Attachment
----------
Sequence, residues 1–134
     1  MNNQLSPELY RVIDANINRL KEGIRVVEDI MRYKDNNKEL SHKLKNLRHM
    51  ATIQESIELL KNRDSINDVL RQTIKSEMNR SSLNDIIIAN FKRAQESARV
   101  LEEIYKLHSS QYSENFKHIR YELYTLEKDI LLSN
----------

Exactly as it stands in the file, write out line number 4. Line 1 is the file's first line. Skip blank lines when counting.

   101  LEEIYKLHSS QYSENFKHIR YELYTLEKDI LLSN